@jkerian My reading: "You understood [that question about phonology] because you maybe had the same problem when you were a beginner - but for some people [that specific question about phonology] was never an issue and so [that specific question about phonology] just seems 'stupid' [to those people]".
 
Perhaps... the phrasing still sucks
 
Well, such is the downside of live chat. :P
 
The actual reason I find it a reasonable question is that I have a somewhat kneejerk reaction against the "kanji-above-all" attitude of the Internet-based Japanese studying community. But I do understand that part of the reason for that is the information about how to speak/listen-to the language is so shitty.
 
What is the kanji-above-all attitude?
 
9:39 PM
You come across it pretty strongly on most forums. (reddit is probably the best/worst example) The idea is that you couldn't possibly "know" Japanese unless you have the whole Jouyou set memorized.
 
Ah, I see. That attitude
 
I haven't noticed that very much on JLU.
But I'm new around here.
 
no, we're not too bad (the presence of actual native-speaking Japanese tends to keep that in check)
 
I actually said something like that myself, maybe a decade ago. I was probably mindlessly repeating something I had heard. I don't remember
I got taken to task for saying so :-)
 
Kanji is certainly important, but on the other hand you can probably learn the entirety of Japanese grammar without learning any kanji. I guess it just comes down to what "knowing Japanese" means.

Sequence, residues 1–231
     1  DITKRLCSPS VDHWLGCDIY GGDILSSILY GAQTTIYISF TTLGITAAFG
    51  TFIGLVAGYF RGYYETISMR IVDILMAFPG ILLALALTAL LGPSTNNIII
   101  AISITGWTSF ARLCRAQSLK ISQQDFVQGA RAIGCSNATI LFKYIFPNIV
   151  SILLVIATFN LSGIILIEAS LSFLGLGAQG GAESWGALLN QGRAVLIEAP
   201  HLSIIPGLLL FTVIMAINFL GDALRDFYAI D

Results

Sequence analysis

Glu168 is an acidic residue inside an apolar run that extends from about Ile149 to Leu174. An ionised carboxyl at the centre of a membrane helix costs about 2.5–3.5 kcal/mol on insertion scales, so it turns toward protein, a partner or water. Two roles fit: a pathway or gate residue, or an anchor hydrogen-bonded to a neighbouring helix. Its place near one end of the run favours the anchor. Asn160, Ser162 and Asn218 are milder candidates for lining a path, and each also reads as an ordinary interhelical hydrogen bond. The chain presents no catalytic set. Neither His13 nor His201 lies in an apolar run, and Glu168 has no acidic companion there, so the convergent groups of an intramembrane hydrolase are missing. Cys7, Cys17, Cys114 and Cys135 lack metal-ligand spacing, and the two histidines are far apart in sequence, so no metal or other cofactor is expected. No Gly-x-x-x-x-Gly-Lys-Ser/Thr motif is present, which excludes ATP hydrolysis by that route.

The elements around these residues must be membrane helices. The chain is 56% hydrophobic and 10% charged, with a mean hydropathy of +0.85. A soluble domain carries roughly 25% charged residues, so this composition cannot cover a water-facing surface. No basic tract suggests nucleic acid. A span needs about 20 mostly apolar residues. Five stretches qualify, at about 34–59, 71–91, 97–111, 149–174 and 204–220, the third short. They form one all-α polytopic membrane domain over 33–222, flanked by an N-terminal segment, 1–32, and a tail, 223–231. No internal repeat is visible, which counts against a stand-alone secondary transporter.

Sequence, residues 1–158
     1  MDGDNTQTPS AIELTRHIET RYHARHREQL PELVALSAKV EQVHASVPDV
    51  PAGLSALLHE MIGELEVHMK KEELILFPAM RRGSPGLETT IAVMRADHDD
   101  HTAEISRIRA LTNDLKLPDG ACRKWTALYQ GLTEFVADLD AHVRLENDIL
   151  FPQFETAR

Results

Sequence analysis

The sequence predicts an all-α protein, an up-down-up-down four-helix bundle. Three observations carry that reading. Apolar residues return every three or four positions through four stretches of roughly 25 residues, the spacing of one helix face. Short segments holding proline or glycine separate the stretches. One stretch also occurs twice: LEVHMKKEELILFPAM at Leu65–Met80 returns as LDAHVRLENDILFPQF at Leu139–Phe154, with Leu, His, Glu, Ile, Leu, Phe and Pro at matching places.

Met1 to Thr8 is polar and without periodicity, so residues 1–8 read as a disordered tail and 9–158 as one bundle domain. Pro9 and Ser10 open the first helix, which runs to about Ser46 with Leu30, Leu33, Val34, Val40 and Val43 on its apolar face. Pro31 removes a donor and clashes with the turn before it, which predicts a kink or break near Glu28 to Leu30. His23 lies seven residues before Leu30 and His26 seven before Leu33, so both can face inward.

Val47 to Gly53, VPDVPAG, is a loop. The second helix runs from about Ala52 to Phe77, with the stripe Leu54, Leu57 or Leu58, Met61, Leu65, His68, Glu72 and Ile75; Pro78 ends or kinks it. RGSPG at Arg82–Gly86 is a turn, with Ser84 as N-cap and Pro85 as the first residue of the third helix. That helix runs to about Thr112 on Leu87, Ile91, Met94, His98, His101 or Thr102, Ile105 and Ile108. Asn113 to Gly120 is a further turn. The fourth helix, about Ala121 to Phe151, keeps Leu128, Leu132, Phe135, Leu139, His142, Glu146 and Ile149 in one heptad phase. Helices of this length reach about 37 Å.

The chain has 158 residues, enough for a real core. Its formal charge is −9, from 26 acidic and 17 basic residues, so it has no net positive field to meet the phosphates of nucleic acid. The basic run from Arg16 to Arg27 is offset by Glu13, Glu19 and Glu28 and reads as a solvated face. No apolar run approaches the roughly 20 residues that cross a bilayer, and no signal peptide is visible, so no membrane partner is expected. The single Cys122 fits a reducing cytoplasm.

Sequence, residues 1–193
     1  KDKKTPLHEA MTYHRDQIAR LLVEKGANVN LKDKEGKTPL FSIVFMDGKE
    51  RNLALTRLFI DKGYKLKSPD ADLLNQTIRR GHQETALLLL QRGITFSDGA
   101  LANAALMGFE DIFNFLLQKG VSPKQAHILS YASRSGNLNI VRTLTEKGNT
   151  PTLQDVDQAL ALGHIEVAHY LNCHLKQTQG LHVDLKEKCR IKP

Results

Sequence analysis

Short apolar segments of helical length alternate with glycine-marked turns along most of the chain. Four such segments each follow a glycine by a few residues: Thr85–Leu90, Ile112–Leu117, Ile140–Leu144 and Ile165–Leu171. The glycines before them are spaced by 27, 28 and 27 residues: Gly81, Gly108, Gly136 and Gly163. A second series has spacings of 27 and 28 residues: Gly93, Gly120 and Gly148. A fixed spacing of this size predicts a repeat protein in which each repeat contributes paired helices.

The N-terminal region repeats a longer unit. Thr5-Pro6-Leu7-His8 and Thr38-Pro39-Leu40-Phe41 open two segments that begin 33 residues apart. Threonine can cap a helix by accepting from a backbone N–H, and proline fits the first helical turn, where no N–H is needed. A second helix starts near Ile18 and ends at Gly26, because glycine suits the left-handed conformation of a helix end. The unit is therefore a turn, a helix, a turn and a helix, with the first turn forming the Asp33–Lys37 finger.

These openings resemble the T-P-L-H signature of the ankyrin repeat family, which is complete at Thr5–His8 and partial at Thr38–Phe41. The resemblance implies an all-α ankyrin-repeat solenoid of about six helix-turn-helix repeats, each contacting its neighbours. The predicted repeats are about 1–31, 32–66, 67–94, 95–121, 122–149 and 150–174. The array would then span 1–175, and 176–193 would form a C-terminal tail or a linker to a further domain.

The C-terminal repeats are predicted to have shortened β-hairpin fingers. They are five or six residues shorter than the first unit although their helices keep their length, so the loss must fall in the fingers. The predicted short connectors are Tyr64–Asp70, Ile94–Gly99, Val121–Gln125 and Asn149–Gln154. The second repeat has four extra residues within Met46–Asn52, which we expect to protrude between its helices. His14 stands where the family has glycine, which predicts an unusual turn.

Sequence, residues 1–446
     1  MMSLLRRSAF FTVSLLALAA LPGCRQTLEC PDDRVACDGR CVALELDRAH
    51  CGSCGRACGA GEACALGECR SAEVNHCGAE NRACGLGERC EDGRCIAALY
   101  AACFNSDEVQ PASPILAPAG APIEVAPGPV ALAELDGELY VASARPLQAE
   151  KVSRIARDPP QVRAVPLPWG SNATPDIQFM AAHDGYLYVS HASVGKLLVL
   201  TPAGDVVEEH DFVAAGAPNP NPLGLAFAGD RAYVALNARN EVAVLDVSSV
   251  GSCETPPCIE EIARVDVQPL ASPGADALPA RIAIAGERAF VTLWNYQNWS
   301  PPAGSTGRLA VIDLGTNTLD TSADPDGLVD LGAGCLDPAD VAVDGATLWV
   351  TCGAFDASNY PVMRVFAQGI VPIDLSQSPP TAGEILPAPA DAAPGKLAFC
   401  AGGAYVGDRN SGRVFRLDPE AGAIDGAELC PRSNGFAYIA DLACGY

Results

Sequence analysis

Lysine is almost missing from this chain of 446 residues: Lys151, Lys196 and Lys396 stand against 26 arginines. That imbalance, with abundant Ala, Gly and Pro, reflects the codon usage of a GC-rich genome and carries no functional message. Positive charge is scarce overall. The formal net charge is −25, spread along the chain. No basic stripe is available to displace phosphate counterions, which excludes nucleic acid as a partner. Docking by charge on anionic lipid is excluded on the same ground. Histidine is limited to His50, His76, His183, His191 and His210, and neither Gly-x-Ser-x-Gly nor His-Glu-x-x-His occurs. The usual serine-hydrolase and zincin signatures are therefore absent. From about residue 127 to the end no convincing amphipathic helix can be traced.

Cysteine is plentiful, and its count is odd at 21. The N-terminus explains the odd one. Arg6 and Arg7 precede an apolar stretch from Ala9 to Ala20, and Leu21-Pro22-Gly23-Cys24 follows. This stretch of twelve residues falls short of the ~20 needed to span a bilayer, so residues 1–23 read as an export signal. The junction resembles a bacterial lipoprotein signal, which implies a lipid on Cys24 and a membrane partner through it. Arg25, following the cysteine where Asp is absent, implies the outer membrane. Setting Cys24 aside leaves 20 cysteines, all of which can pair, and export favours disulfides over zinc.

9:42 PM
Certainly you can. Ask a blind native speaker how many kanji they know
 
There are three dictums of most online Japanese-learning communities: 1) Thou shalt use Genki, no other textbook shall come before it 2) Thou shalt use anki, and shall worship before the alter of SRS 3 ) Thou shalt use Heisig, and kanji shall eat all of your study time for at least a year!
 
Hah.
 
I don't hold the "kanji-above-all" attitude, but only because I'd be a massive hypocrite if I did (I'm very bad with reading and writing kanji :p).
 
I am pretty good at kanji. This is because I am a dork and really like kanji
 
(Which unfortunately makes reading Daijirin definitions and other online .jp resources a massive headache for me.)
 
9:44 PM
My personal feeling is that it's easy to pick up kanji as you pick up vocabulary
 
(Which sucks, because they often have all the answers I'm looking for. It's really annoying not being able to skim, I have to read the entire thing from start to finish otherwise I might miss what I'm looking for.)
 
And that vocabulary is the real challenge, rather than kanji
 
I pick up practically all my vocabulary from anime.
 
At least, that's true for me. I don't know about anyone else
A-ha
 
Note... I actually did use heisig, and do use anki. (Genki is... dreadful) It's just that they are good for studying "kanji", mostly in isolation.
 
9:45 PM
Have you heard or read about the "four strands" concept?
Well, I suppose that's tangential.
I didn't use Heisig, but my study buddy and his fiancee did.
 
Gotta head out here, ttfn.
 
@snailplane This is chat... it's all tangential
@djahandarie later
 
It was a lot of fun to compare what each of us learned about kanji. My study buddy did RTK1, and his fiancee RTK1+3
It seems to have faded into the background since then, though